i Personally believe Muslims, Jews and Christians worship the same god. It actually makes me quite sad when I think about it, nearly 3 billion people who squabble and fight over how best to worship and love the same thing

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headstone · 19/09/2022 17:35

I am a convert too, a lot of dust you say resonates with me. I have not lost faith in God, but I struggle following the religion at all now. There doesn’t seem much scope for women except remaining hidden and quiet. My Husband’s family are from North Africa and have been extremely kind and welcoming to me. My immediate issue is that my brother will gay and my dh won’t let my younger children be around him and his partner, it is breaking my heart.
The reason why I went from Christianity to Islam is in part because my husband explains the religion do beautifully, I Also like the fundamental belief surrounding God, it makes so much sense compared to the trinity.

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Naijagal · 19/09/2022 17:01

Fieldfly · 19/09/2022 08:38

Do you believe that the Christian god and Islamic god are the same thing - just worshipped in different ways?

Clearly not the same as God revealed in the Bible came to this world in the person of Jesus to give proof that God really exists and what His character is like but The Quran says that this same Jesus was just an ordinary man.

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Naijagal · 19/09/2022 16:58

Tiddlywinx · 18/09/2022 20:13

Ok my point is to be Christian is to believe in the trinity, i don’t.

and yes that’s pretty much the Islamic point, that there’s more to the bible and the NT than what Jesus said or revelation ergo it’s innovation and the Quran came to correct it.

Hi @Tiddlywinx What is it exactly that makes a person a Muslim? If someone said to you today, I want to become a Muslim, what do you say to them?

** Unfortunately you’ve gotten it wrong that believing in trinity is what makes a person a Christian.
The Bible clearly states that whoever trusts in Jesus, who He is, what he did and follows/obeys His commands is saved (and hence called Christian). There’s no mention of trinity in the Bible it might be alluded to but it’s not what makes a person Christian.**

Also I find it interesting that you were happy to believe that an ordinary man ascended to heaven, but found it hard to believe that an extraordinary man could die and get resurrected (also ascended in the biblical texts)

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Fieldfly · 19/09/2022 08:38

Do you believe that the Christian god and Islamic god are the same thing - just worshipped in different ways?

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Fieldfly · 19/09/2022 08:37

It all sounds very sad and lonely to me, with horrible ignorance and bullying in the name of religion. Why are you not able to return to your family and cultural roots and just be a person who doesn’t have much to do with organised religion? You say you can’t tell your family because they would be happy and you don’t want that - why? I would definitely be happy if you were my daughter and were finally free from the sad life you describe.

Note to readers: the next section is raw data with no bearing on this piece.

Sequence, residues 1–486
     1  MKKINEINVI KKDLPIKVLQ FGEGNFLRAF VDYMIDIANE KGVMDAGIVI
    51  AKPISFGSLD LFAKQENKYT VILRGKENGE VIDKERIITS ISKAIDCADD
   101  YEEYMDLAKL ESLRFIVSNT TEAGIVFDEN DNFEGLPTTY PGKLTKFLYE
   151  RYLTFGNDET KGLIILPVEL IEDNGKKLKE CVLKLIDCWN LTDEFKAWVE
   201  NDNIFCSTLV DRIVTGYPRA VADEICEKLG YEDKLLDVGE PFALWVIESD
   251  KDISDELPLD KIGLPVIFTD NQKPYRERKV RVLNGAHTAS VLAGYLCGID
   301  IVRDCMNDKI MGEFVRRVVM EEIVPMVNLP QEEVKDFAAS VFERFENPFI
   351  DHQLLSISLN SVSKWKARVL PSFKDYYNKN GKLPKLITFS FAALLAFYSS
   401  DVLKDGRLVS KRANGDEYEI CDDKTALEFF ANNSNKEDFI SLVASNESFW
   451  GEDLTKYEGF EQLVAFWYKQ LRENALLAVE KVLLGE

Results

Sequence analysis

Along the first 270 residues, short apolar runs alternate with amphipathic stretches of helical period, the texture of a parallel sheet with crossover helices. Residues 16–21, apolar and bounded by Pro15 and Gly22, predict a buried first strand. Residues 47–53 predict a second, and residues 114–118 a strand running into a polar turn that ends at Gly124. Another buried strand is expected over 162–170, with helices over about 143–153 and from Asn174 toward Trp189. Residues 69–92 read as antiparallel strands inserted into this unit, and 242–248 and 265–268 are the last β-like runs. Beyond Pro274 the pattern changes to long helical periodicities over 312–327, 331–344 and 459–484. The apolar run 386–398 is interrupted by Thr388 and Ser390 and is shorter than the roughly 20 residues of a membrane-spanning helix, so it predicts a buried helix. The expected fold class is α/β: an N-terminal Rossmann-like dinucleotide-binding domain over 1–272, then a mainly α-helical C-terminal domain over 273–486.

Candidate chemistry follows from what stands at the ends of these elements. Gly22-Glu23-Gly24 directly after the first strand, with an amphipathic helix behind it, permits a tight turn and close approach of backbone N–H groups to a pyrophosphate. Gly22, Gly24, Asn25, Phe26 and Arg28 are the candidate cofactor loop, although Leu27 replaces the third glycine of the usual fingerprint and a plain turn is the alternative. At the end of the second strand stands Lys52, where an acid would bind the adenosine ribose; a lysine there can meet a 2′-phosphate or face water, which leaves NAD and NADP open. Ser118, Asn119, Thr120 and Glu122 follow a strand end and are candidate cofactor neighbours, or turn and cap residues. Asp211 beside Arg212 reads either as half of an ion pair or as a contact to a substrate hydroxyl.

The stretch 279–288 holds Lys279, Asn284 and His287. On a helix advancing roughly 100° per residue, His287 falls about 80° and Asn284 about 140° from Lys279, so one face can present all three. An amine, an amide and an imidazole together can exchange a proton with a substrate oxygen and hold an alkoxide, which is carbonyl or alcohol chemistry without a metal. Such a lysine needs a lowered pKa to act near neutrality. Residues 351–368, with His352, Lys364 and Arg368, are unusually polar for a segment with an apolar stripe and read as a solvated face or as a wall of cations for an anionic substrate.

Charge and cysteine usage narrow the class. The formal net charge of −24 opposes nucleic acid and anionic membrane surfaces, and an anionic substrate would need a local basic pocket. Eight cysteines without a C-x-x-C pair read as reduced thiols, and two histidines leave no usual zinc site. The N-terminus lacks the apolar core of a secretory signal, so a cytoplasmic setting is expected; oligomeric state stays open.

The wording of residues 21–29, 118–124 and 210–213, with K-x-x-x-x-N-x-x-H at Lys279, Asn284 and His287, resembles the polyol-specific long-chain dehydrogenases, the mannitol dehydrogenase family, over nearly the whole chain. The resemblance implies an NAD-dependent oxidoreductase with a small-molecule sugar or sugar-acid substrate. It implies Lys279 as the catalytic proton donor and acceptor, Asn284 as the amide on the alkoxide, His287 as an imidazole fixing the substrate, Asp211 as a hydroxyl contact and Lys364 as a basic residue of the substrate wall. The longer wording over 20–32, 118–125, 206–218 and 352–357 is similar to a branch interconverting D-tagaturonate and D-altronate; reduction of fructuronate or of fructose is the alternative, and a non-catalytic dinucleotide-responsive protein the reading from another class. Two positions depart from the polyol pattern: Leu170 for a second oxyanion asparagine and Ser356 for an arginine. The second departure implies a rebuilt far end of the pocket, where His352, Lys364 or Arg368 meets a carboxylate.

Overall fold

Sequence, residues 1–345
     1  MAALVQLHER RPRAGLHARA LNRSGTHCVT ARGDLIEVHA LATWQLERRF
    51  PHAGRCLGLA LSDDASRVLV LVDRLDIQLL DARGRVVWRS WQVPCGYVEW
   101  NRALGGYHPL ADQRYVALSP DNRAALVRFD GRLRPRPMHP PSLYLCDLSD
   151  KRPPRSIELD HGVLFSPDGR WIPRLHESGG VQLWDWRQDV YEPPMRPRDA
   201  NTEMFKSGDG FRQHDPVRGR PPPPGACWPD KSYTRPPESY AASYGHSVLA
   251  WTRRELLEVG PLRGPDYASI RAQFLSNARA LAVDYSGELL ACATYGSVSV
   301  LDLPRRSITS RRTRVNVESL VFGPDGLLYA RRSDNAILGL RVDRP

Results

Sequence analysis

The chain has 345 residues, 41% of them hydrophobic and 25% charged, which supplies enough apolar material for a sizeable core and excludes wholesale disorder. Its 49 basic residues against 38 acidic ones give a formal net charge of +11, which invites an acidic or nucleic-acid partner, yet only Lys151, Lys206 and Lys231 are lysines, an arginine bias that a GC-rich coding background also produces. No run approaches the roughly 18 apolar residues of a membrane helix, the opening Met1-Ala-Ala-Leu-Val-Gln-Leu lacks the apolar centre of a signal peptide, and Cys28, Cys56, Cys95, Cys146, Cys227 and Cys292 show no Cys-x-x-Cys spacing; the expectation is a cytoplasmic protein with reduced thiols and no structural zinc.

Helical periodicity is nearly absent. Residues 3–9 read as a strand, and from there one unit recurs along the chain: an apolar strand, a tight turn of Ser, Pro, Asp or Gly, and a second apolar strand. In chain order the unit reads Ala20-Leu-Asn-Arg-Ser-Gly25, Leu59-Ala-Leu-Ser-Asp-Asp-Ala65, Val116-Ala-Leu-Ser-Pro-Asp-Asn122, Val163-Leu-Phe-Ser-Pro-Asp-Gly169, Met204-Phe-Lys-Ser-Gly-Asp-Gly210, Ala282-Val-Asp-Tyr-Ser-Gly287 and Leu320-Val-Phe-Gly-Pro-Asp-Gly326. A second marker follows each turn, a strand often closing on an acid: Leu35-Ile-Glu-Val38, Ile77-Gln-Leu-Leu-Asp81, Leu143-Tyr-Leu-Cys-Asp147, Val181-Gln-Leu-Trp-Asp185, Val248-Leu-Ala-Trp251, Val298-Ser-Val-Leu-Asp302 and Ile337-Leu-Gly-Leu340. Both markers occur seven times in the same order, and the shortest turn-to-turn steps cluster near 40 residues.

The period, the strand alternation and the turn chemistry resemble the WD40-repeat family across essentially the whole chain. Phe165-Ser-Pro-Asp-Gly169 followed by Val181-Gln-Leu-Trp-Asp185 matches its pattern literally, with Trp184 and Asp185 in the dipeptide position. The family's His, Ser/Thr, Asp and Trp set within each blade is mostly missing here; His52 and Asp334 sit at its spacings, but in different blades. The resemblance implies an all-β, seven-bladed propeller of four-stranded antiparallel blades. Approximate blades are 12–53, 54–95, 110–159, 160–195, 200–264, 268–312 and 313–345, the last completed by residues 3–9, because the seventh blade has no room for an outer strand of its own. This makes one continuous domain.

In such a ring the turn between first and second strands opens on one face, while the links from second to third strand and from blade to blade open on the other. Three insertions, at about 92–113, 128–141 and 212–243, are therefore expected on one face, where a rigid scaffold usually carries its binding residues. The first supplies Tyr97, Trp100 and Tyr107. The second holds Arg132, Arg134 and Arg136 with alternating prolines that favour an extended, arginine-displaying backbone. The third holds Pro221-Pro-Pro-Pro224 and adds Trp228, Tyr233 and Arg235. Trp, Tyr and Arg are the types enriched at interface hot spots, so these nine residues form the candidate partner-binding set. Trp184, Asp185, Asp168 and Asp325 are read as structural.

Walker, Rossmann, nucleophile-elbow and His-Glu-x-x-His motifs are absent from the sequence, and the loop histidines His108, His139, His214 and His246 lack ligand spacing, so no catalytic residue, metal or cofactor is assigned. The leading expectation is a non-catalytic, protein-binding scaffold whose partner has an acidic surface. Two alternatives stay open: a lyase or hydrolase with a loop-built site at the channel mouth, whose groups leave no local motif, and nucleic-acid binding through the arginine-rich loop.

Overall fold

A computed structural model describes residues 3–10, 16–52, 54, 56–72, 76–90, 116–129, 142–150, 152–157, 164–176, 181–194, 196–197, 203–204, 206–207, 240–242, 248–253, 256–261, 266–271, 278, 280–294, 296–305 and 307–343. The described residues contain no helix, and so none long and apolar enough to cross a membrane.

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Tiddlywinx · 18/09/2022 23:58

Goldenbrowndixi · 18/09/2022 21:53

I could have written this post myself lol, although I never actually ‘came out’ to my family about being a Muslim which I suppose has made it easier to leave, although still I struggle with it. I reverted quite young around 16 and tbh fell quite heavily into the salafi ideology. Although due to my age I couldn’t openly share my belief with family I would wear niqab at the masjid, nasheeds only, and became honestly quite argumentative (online) to ‘deviator’ sects like Ahmadi Ismaili etc. I began to fall out of love with it when the more Hadith I would read honestly I just saw things that went against the way I was raised, blatant homophobia, (relative) sexism and the teachings of the salaf on the punishment for homosexuality. Now I’m only 19 so not really long out of practicing but I get really anxious that I will either return to my religious life and regret it after something like marriage etc or go to hell. I suppose my question is how did you get to this point where you are quite calm about the whole religion, believing or not

might you have attended a mosque that has a colour in its name?

it sounds as if you went from 0-60 quite quickly, you were also quite a bit younger than me when I converted. I always disliked sectarianism and this whole proving other sects are deviant or misguided because of xyz so I always gave that a wide berth and avoided those conversations. Because they didn’t sit right me me internally, likewise the homophobia and the sexism. So I’d attend those mosques and basically cherry pick, or as I saw it take the good and leave the bad. I just couldn’t and can’t get behind those types of othering

im a bit confused about your question? You worry you’ll get more religious again and then get married? Do you mean end up married to a ‘religious’ man but the type that uses religion to basically subjugate his wife? Well I don’t worry about that because my husband isn’t like that.